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The Surprising Psychology of Going on Vacation

Image: Aisyah Yusof

Scientists questioned over 900 test participants about their happiness before and after a trip and what they found surprised them. The most happiness wasn’t experienced after or even during the trip, but beforehand. According to the study’s lead author:

Vacations do make people happy. But we found people who are anticipating holiday trips show signs of increased happiness.

Having something to look forward isn’t just a subjective experience of positive expectations, it creates positive changes in the brain too.  As highlighted in The Happiness Advantage, people who just thought about watching their favourite movie raised their endorphin level by 27 percent. Indeed, anticipation is a powerful mood booster:

Anticipating future rewards can actually light up the pleasure centers in your brain as much as the actual reward will.

Given what we know about the benefits of anticipation, put a trip on the calendar and consider the following:

Research: Study guidebooks, learn about the area and immerse yourself in future travel plans. A friend started a beautiful website called Peek.com that helps people plan the perfect trip and find great activities.  If you like travel porn, this is the ultimate in foreplay.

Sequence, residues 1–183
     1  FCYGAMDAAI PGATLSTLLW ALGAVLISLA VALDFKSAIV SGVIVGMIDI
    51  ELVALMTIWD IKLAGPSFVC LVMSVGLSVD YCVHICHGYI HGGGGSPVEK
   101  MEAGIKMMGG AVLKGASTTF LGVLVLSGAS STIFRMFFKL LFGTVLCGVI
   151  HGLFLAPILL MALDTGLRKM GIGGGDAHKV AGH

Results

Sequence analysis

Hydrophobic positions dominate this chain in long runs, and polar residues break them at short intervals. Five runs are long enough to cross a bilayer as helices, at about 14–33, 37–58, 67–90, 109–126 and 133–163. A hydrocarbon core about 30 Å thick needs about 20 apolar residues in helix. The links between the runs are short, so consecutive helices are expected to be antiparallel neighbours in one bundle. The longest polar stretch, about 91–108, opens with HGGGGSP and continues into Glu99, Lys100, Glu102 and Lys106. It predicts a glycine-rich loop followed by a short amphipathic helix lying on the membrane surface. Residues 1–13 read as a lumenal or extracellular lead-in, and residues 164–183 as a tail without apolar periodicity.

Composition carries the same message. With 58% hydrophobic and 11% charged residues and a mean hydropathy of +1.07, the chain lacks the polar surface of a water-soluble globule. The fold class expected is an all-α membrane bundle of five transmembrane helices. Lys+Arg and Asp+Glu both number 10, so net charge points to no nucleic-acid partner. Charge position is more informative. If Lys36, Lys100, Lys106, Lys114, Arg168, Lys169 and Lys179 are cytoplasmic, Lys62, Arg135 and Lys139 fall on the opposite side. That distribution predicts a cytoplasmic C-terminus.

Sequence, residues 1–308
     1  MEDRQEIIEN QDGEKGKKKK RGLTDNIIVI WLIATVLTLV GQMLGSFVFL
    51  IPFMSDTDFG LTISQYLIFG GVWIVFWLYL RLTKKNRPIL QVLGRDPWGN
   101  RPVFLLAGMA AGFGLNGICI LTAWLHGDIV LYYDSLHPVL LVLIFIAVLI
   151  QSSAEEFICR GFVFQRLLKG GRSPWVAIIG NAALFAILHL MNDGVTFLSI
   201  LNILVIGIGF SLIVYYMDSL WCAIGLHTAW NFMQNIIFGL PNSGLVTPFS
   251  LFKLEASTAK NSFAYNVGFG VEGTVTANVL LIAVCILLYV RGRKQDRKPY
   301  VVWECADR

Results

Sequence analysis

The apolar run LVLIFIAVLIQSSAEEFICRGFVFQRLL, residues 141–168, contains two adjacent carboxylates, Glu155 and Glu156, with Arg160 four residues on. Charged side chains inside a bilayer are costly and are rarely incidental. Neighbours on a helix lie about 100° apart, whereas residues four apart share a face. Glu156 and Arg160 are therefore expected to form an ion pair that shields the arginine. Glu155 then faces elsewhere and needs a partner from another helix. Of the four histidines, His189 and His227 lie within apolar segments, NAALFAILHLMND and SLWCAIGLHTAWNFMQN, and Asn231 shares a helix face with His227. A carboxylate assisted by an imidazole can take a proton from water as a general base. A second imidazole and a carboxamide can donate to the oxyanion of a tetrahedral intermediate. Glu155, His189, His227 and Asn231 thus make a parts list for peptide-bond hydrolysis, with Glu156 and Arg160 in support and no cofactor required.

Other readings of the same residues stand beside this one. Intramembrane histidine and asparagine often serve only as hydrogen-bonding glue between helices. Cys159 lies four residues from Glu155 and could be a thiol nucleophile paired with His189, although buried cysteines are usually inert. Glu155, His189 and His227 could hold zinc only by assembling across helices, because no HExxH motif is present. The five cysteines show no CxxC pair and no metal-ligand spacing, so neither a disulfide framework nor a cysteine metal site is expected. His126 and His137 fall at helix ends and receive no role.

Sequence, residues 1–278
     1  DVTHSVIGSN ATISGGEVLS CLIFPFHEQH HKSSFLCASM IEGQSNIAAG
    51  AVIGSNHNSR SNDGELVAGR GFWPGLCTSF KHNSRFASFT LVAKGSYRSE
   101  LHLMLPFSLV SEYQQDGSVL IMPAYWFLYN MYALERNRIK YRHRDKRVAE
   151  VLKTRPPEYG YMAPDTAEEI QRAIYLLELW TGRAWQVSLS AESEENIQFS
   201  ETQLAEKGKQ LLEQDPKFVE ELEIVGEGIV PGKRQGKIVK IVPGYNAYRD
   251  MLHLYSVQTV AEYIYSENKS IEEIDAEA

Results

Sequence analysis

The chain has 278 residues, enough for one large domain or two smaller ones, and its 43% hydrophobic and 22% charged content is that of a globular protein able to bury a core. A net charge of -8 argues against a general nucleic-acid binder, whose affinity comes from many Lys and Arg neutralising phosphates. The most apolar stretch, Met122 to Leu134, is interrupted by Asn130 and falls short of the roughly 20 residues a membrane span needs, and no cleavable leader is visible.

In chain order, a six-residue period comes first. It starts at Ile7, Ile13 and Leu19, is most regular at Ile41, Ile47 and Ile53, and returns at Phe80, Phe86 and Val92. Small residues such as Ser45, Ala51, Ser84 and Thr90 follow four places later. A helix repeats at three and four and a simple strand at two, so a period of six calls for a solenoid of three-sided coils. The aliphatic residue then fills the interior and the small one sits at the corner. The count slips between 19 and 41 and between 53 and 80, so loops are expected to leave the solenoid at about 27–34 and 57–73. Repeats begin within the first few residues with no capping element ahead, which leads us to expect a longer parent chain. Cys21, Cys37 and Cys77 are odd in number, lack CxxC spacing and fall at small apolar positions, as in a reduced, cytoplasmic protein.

Communicate: Chances are someone in your social network has been to where you want to go or may even know someone who lives there. Not only will you get some insider tips, it’s also a great way to connect with friends and colleagues.

Prep: If planning a physical adventure – hiking in the rainforest, climbing Mt. Kilimanjaro, white water rafting, prepare your body and train rigorously beforehand. If planning a beach vacation, consider getting SCUBA certified before you leave. Read a work of fiction set in the place you plan to visit and learn a few key phrases in the native tongue.

Travel more: If you have two weeks of vacation a year, take two separate weeks rather than taking it all at one time. Better yet, take several long weekends. Studies show you will remember and appreciate different shorter experiences rather than one long one. If getting out of town isn’t an option, try a staycation: research and compile all the things you wish you could do in your hometown.

The next time you find yourself repeating the famous words, “I need a vacation,” rephrase it: “I need to plan a vacation.”